The small town of Sapucai is located approximately 90 km to the east of Asuncion. When trains ran in Paraguay it was the location of the railway workshops.

These have been preserved as a museum to 19th century industrial Paraguay.

Sapucai is located a little distance from my home but consulting a map I found what appeared to be a much shorter route there.

Rather than travelling around the hills as the metaled road seemed to do there appeared to be a dirt road that cut straight over the hills. This looked like it would cut the distance in half. Accordingly it was the route I chose to take.

However I soon found that rather than dirt much of the road was lined with rough cobbles. By far my least favourite surface for travelling over. By the time I had crossed the hills every bone had been thoroughly shaken.

As the I had saved distance but not time and had a quite unpleasant time doing it I chose to return the long way along the metaled road. A much better experience.

Once I did finally reach Sapucai the museum was well signposted and easy to find.

Outside sitting on the grassed over track I found a well restored steam engine and a cattle carriage along with a little crane. The old station building could also be seen. Smartly painted but all locked up.

The only thing missing was people.

Heading over to what I presumed was the workshop I made a little noise outside a closed door which did seem to get the intention of someone inside.

Shortly the door was opened by a young woman who looked a little surprised to be receiving a visitor. Keen though to have one I was soon ushered inside and directed towards the workshops.

From her I learnt that the museum gets few visitors and exists almost unknown to the local population. In all the time I remained there no one else arrived arrived and when I left the door was closed back up until someone else should stumble upon it.

This makes the museum at Sapucai a hidden gem in every sense. It records a time in the mid 19th century when Paraguay was seeking to rapidly modernize and has then been left looking as though the workers have only just walked away.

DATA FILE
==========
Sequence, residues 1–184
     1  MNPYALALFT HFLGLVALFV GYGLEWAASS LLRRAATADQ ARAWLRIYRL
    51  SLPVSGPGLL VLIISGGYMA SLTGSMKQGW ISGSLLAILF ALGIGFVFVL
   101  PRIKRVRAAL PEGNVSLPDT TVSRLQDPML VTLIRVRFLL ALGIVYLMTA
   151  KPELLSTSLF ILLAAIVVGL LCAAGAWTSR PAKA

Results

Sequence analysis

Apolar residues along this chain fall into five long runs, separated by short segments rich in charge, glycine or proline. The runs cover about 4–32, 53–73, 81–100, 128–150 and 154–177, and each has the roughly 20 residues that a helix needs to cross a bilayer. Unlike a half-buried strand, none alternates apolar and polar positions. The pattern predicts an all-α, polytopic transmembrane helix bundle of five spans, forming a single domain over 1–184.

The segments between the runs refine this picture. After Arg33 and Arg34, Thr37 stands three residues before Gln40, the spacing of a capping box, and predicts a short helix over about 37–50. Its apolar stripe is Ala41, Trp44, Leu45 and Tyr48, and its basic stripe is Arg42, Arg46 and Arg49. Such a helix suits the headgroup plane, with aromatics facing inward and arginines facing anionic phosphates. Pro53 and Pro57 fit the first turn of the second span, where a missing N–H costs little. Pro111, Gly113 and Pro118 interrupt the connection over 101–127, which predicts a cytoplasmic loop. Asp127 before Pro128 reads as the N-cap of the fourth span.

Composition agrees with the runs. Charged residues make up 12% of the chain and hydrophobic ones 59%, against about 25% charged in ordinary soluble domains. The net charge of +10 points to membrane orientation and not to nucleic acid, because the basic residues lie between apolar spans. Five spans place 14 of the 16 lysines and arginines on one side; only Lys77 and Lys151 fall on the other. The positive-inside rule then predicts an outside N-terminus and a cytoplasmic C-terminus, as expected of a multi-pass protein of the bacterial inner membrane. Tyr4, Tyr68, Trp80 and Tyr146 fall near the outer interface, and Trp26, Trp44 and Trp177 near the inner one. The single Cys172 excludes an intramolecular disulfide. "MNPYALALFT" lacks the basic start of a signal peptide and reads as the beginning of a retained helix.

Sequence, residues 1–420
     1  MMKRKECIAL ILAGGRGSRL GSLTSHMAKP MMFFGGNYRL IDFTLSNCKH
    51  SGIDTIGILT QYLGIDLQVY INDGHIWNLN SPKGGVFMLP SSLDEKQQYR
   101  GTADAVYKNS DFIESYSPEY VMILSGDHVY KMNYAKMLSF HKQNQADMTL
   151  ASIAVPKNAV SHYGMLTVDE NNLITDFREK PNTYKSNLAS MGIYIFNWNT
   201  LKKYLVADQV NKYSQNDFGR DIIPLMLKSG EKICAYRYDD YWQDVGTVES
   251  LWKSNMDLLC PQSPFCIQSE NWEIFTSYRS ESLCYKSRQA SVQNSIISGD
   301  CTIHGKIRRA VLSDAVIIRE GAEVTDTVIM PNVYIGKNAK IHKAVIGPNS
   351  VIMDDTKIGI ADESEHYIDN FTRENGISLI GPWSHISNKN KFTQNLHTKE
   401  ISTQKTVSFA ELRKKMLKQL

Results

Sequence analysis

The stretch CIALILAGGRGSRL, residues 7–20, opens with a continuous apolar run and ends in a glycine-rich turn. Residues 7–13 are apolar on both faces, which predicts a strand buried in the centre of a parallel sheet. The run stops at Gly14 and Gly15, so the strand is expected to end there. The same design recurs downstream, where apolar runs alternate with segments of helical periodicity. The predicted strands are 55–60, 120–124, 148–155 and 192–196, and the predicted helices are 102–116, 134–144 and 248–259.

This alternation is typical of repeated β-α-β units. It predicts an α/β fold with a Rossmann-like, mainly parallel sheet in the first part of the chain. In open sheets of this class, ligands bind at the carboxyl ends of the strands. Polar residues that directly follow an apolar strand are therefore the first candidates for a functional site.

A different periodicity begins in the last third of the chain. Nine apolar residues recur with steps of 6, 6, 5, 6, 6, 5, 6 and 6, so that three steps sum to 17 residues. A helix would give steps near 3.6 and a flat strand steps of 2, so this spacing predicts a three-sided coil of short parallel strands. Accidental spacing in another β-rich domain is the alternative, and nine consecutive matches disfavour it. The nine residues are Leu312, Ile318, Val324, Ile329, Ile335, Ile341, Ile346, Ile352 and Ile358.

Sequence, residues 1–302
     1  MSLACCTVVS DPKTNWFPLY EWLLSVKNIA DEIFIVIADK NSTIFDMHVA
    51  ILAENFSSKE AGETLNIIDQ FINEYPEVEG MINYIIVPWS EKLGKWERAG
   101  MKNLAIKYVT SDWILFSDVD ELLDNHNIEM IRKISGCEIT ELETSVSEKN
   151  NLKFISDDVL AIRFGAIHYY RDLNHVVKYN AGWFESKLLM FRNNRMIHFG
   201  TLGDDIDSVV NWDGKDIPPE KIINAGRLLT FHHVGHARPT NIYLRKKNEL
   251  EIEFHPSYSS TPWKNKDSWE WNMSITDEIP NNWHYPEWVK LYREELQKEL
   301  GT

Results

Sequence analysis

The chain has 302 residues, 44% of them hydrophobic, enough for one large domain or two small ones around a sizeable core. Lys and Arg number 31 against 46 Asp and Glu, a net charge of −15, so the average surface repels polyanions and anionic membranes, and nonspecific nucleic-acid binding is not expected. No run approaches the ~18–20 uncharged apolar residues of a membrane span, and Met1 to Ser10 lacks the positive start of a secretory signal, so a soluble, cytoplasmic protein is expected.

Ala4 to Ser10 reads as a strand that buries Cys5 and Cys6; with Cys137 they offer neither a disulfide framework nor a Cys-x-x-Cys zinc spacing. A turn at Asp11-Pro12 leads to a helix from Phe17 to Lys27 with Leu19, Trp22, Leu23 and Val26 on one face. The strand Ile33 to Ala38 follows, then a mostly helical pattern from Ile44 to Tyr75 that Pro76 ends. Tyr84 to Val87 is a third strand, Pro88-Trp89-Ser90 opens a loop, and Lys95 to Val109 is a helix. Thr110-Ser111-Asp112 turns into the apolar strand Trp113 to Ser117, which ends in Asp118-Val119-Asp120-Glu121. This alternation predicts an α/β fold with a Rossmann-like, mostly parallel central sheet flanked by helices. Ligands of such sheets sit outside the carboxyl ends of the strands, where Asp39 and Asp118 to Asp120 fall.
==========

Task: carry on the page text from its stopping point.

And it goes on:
Sapucai is somewhere missed off all but the most dedicated of tourist agendas.

Inside the workshop apart from a new roof looked structurally as it would have done over 150 years ago.

Items have though where possible been placed in related groups making viewing simpler.

Along one side of the building were a number of old stream engines. These ranged from almost complete to thickly covered in rust through to the final one which was little more than a rusty boiler.

In other places these engines would have been restored and repainted but here protected from the elements further decay has been all but halted. Their decayed state serving as a good symbol for the decline of the Paraguayan railways and the industry that supported them.

In common with everything else in the workshop the engines were British made. The information board in front of one describing how it had been manufactured in Sheffield.

The other side of the workshop is given over to the machinery of heavy industry. As with the trains it all dates from the mid to late 19th century. Here are the lathes, drills and presses that would have thundered away all day long under the baking Paraguayan sun.

The British origin of the everything is displayed by the plaques announcing their places of manufacture.

I say British as although much originates in industrial towns such as Leeds and Bradford ones large iron device was proudly stamped “Glasgow”.

The machines that could be moved have been grouped together either as metal or woodworking tools.

Some though could never be moved. These remain where they have always been. From these largest machines belts still run round large iron wheels along a central drive shaft running high along the ceiling of the workshop.

These belts and wheels would have been familiar features in any Victorian mills.

Here though there was no rushing water to turn a wheel. Instead all was driven by a great steam engine.

Again some may wish for a little smartening up to be done. I however prefer the dusty abandoned look of the machinery. I feel it is more authentic.

Outside the main workshop there is a second covered area. This was once a small forge. There iron could be cast into the forms required by the railways. It must have been a very challenging place for the workers to spend their days.

Beyond these lay a row of low buildings. These I would imagine were the workshop offices and the ones that were not shut up appeared to still serve that purpose.

A use these buildings would have elsewhere has not reached Sapucai. For none are occupied by the gift shops and cafe that could bring in a little extra income. Any refreshments would need to be bought as a picnic and enjoyed in the car park.

The lack of visitors and its overlooked state clearly limit the funds that are available to work on and restore the exhibits. However this does ensure the museum remains a and simple and honest place preserving a much overlooked part of Paraguayan history.